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Readers write back

Recent Packaging World stories-on outsourcing, reader salaries, increased USDA/FDA scrutiny, and Arizona Beverages' uniquely shaped 'can'-spur readers to comment.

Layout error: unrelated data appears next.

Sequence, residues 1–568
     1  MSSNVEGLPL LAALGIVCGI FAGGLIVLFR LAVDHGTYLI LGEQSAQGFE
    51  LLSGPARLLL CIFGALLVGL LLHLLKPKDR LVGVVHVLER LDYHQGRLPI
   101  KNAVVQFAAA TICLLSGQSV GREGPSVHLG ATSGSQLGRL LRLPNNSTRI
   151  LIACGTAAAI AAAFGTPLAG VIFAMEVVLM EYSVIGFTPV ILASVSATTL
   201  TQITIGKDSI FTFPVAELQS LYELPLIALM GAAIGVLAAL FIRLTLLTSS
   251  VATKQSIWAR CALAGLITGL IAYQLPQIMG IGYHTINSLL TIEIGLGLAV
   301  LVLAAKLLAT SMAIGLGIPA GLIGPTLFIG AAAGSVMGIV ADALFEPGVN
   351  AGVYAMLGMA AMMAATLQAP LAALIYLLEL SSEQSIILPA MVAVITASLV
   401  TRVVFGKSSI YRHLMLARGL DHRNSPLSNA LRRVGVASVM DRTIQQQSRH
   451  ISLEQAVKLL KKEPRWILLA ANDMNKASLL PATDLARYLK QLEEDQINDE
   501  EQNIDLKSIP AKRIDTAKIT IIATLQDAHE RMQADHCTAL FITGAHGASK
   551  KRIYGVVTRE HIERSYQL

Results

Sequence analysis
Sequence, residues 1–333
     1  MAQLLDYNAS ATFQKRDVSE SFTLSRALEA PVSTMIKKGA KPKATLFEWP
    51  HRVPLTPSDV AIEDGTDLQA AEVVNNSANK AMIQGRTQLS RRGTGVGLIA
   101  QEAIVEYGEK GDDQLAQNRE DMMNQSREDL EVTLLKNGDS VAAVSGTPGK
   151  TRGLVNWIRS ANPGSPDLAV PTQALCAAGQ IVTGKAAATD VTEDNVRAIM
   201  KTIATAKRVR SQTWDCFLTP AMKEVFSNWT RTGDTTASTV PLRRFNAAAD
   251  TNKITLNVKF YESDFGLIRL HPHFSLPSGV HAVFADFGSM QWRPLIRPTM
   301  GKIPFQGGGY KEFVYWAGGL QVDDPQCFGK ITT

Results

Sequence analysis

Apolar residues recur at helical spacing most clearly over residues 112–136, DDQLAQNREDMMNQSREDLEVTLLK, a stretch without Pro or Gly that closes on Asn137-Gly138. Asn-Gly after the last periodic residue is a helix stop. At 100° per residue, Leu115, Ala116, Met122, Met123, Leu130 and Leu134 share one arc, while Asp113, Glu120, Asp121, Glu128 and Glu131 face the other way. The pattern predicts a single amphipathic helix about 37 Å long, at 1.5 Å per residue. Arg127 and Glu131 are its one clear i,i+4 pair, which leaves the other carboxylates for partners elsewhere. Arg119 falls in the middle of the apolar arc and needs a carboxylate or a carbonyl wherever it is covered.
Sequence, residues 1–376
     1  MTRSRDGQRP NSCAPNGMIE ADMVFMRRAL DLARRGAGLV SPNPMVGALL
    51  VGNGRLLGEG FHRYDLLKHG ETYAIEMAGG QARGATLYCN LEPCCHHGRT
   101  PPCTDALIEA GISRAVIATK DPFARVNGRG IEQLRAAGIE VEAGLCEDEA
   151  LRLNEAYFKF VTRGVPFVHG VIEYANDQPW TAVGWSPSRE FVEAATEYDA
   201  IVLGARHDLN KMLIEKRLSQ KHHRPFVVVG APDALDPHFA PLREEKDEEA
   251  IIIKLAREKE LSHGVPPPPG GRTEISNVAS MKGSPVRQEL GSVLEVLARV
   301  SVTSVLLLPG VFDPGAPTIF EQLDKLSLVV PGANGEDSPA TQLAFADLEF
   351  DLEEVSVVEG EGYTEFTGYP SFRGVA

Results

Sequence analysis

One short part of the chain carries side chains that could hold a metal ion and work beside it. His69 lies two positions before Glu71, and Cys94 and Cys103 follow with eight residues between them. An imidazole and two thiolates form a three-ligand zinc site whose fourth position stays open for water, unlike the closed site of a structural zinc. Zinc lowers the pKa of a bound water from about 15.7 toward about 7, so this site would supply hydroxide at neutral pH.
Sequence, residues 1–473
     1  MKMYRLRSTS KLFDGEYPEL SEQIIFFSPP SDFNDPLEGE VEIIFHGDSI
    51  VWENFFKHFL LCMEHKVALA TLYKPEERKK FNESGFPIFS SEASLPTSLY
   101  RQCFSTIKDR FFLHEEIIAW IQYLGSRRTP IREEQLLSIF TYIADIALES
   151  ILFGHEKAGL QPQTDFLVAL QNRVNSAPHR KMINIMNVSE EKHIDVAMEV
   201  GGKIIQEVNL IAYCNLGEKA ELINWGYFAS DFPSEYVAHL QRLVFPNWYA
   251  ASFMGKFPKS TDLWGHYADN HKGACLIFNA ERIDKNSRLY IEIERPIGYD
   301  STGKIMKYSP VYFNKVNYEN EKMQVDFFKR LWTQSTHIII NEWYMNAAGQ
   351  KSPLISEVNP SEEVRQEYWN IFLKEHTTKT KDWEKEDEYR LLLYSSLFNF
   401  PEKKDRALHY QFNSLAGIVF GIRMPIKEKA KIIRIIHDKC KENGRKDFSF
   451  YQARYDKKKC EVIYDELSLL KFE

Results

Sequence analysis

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When readers feel compelled to write to Packaging World, we listen-especially when it appears we've struck a chord. In recent months, we've received several comments. Our two-part outsourcing survey examined the trend towards outsourcing packaging functions (see PW, Jan. '98, p. 34, and Dec. '97, p. 28). Sara Lee, mentioned in the story, is banking on the outsourcing of all its manufacturing operations to concentrate on marketing as a key to increasing shareholder value. However, the survey uncovered one seemingly incongruent fact-that nearly half of respondents reported no increase in plant efficiency as a result of outsourcing. That caught the eye of Carl D. Melville, vp marketing, The Power Group, which owns contract packager Power Packaging. "The plant efficiency question, and its initially puzzling response, actually masks a larger issue: removing assets from the balance sheet," Melville wrote us. "While Sara Lee certainly wants to focus on core competencies, it also sees huge benefits in removing untold millions of dollars of assets from its balance sheet-drastically boosting its revenue per employee, return on assets deployed and, most importantly, overall economic value added. The net effect of all this is huge-even if net plant efficiency (measured as a case price or other metric) remains static." Of course, for firms like Mr. Melville's, outsourcing is a welcome trend: "The current boardroom level of interest in outsourcing and focusing on core competencies is driving our growth at record levels," he writes. "Your survey echoes many of the trends we are witnessing." Salaries: more data, please Our three-part salary and job satisfaction survey also captured the attention of packaging people who aren't accustomed to seeing published surveys that are specific to the packaging field (see PW, Sep. '97, p. 52 & 60; Oct. '97, p. 48; Nov. '97, p. 34). In fact, the most common response was a request for even more packaging-specific salary information. An example was the request from EstĂ©e Lauder in Melville, NY. Victor Suben, executive director of package testing, wanted to know if we possessed survey results for packaging engineers who work exclusively in package testing. Answer: we didn't. Nevertheless, Suben said the survey was helpful in determining salary levels for people in his department and said he looks forward to our next salary survey. From Helene Curtis in Chicago, Greg Erickson, a packaging R&D engineer, also wrote in seeking salary data specific to his background and experience. Inspiring new ideas At least one reader was taken with the technical milestones achieved by Arizona Beverages' shaped polypropylene 'sport can' (Nov. '97, p. 28) that resists paneling due to deliberate overfilling to virtually eliminate headspace. After thanking us for an interesting story, Ron Perry, packaging engineer for pharmaceuticals maker Wyeth-Ayerst Laboratories in St. Davids, PA, wrote: "Though we have few direct applications in our business (pharmaceutical), we have many indirect opportunities where some of these ideas can be tested. Later this month, I plan to take this article to an idea generation team meeting our group is holding." Doing more with less Some in the packaging field may be disturbed at the trend towards fewer packaging jobs at manufacturers and increased reliance on suppliers for packaging ideas, a trend Pillsbury documented in "We want it 'faster, faster, faster'" (see PW, Aug. '97, p. 72). However, Theron W. Downes, associate director at Michigan State University's School of Packaging, takes the long view: "On balance I view the article as encouraging because...the work (maybe even more work) still needs to be done, meaning that suppliers will need more trained packaging people. Mike's [Mike Kentala, Pillsbury packaging sourcing leader, quoted in the story] remarks about packaging at the core of image and recognition confirm my strong personal belief that packaging will continue to move away from being viewed as a cost center toward recognition as an opportunity center." Other readers who have survived the corporate cuts take a much more pragmatic view of our magazine, like Richard Nedwidek of Eastman Kodak Co. in Rochester, NY. "Your magazine is used widely here by packaging groups within the 35-mm area in which I work. With cutbacks in staff, we have fewer people available to send to trade shows like in the past. This is where it is even more important to have your magazine." Small is beautiful Of course, not all letters heap praise upon our efforts. One reader takes us-and the supplier community-to task for glossing over the needs of smaller packaging operations. That's the verdict of David Auspitz, president of Philadelphia-based Bainbridge Group, which owns that city's Famous 4th Street Cookie Company®, which has a mail-order cookie-baking operation. Auspitz expressed a frustration with equipment suppliers who aren't interested in servicing smaller operations like his. "In this industry [bakery], it's either Mom at home baking cookies, or Nabisco. But nobody's worried about the people in the middle," he says. He suggests for us that "it would be a good idea to add a section to the magazine directed at entry-level packaging equipment for smaller businesses." Mr. Auspitz was happy to learn (as other readers might be, too) that PW is indeed stepping up coverage in this area. In May and November we'll feature a special section showcasing hands-on equipment geared to lower-volume operations. If you have an opinion to share, we'd like to hear it. We can be reached by e-mail ([email protected]), phone (312/222-1010), fax (312/222-1310), and conventional mail (330 N. Wabash, Suite 3131, Chicago, IL 60611). All of the articles mentioned in this story can be retrieved from our web site at www.packworld.com.